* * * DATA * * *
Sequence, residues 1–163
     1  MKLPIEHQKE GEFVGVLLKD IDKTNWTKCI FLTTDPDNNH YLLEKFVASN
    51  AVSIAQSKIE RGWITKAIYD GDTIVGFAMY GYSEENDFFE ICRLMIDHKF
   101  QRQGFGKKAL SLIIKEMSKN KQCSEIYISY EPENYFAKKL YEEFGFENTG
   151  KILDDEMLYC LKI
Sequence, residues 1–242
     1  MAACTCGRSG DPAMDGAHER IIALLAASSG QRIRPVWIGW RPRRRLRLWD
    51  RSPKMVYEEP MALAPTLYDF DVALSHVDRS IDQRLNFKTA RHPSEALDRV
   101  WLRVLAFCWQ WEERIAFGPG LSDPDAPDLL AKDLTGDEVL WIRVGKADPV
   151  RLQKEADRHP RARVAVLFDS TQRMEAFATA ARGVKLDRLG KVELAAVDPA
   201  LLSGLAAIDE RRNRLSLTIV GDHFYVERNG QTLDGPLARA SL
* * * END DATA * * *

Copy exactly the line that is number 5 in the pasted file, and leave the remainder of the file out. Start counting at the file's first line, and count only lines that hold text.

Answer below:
   151  KILDDEMLYC LKI